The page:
However the system is open to rampant abuse – spurious and exaggerated claims get through. Some victims claim they were “bought off” and “silenced”, when in many cases the records clearly show they accepted confidential settlements. These records are not public so the “silencing” claims can’t be refuted. If the church pursued an individuals for disclosing confidential information, the Irish Times would have a morning, evening and Sunday edition.

      Criminal and civil proceedings is the best form of justice we have. Outcomes are on the public record and the full facts are laid out for all to see. That said, I’m not totally against tribunals and I think they do do some good work. A delicate balance needs to be found.

          1. Anne

            Wrong.
            We have judges to adjudicate on cases before them. Not to do our thinking for us.

            You’ve ruined the whole f***ing thread with complete f***ing nonsense.

            Not one word of sympathy for Ms. Merritt and the horrendous life she had at the hands of the nuns. Raped by a priest whom she sought refuge in.

            It’s absolutely disgusting what you’ve done to this thread.
            It’s more denial of the truth of this woman’s suffering, focusing on defending the evil organisation that did this to her and lots of other woman.

          2. Scoobs

            What he’s say makes perfect sense. Its wrong to slander the travelling community because the minority of them are bad. Perhaps you find it more comforting blame the building or the brand for persons failings. We look at the public sector, if a doctor does things wrong professionally and they are protected by a nationwide union. Then who is left to pay retribution, “The tax payer (HSE)”. Nobody is accountable for their actions or in the patronizing manor people put it, their “sins” (bad things done to others). Instead you hide behind buildings or brands called company’s/organizations/governments. Don’t worry they have insurance. Anne your version of right is to slanderize ABM. Your argument is “I’m right” and the apparent professionals that we train are wrong. Perhaps a lack empathy in with news is Gaza, Nuns, Europe and america going to war, Russia.. etc, personifying the words “TERROR”, “HORROR” throughout the media. There are crimes on a larger scale justified. As long as its is justified by blaming brands and buildings it will always continue. Who should have to pay for it all. Humanity?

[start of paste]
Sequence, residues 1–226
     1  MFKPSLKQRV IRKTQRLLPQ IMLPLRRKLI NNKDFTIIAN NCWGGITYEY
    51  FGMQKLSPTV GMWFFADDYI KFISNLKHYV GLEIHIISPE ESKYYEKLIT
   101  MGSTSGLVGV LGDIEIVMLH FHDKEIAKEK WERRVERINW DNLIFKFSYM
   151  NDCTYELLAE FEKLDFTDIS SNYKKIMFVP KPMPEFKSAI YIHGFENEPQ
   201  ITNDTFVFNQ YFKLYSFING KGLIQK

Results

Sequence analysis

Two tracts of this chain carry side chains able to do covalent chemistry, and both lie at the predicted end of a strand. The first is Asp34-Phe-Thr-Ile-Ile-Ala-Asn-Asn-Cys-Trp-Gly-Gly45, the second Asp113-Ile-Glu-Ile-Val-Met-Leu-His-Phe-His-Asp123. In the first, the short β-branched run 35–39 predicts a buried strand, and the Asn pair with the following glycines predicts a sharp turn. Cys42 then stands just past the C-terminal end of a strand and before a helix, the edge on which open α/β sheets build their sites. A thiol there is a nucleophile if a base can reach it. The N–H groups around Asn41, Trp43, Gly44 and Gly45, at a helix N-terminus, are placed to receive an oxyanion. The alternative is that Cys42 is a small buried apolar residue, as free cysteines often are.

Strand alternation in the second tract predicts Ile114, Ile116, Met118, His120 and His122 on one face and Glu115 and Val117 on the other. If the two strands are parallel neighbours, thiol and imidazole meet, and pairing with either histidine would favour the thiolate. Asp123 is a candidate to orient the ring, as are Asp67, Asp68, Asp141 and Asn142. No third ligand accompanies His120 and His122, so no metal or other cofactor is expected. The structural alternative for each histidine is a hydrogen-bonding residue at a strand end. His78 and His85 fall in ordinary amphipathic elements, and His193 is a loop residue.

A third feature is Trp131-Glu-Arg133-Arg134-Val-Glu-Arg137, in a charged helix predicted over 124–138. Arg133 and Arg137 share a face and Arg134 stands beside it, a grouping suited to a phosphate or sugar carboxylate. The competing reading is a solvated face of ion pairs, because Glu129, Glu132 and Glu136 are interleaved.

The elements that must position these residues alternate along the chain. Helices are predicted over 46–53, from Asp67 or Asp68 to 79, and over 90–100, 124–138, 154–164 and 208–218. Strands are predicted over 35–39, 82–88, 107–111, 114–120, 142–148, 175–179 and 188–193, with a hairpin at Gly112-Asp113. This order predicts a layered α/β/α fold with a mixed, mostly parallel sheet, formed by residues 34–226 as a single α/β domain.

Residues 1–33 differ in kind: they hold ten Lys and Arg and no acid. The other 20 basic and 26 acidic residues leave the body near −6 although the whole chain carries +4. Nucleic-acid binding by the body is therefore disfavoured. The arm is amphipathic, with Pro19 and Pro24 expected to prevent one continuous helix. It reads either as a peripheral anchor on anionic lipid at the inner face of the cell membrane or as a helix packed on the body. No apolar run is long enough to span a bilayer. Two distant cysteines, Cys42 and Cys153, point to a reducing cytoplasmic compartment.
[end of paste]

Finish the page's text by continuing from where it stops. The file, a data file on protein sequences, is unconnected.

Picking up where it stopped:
3. Odis

    I suppose the other issue of outrage is that we have to get this from the BBC. Irish media not up to it, so it would seem.

  4. ahjayzis

    No disrespect to RTE, but it really shows the situation for what it is when viewed through non-Irish lenses.
    Christ what a country.

    1. Odis

      I think you might be taking the comment out of context there.

      Maybe what she is trying to say, is that the McAleese report was a bit of a rushed job, and not particularly thorough, because the victimns needed to be compensated ASAP.
      None of the victimns are particularly young. And so arriving at an early compensation arrangement, was important, if you are to avoid the accusation of, cynically, dragging it out.

      (NB this comment does not reflect my position and is offered without predjuice)

  5. Sheikh Yabooti

    I had a relative who was a nun in High Park; around the early 80’s we occasionally visited. Though I wasn’t aware of its function as a gulag, I still remember the haunted passive women shuffling silently around. Even though I was a kid, their hollow empty expressions and blank unresponsiveness to a hello is still clear. Husks emptied of identity and humanity by religion.

  6. Anne

    It’s really incomprehensible what the women of these laundries were put through.
    They deserve every recompense they request.
    The agreement Bertie made with his former employers – the nuns should be nullified
    They would be stripped of every asset they own if there was any justice.

    The reception Ms Merritt received at that gate was absolutely horrible.
    Evil c*nts.
    At least say sorry to the woman and thank her for coming.. instead of ‘you got your answer in the letter’.
    Absolutely disgusting treatment.

    1. ABM

      Some of these women were convicted of crimes. However I do believe that it was extremely unjust to bung unmarried mothers in with criminals. The State certainly didn’t provide safe homes for unmarried mothers – there was nowhere else to put destitute women except into these one-size-fits-all 20th century workhouses.

      1. Nigel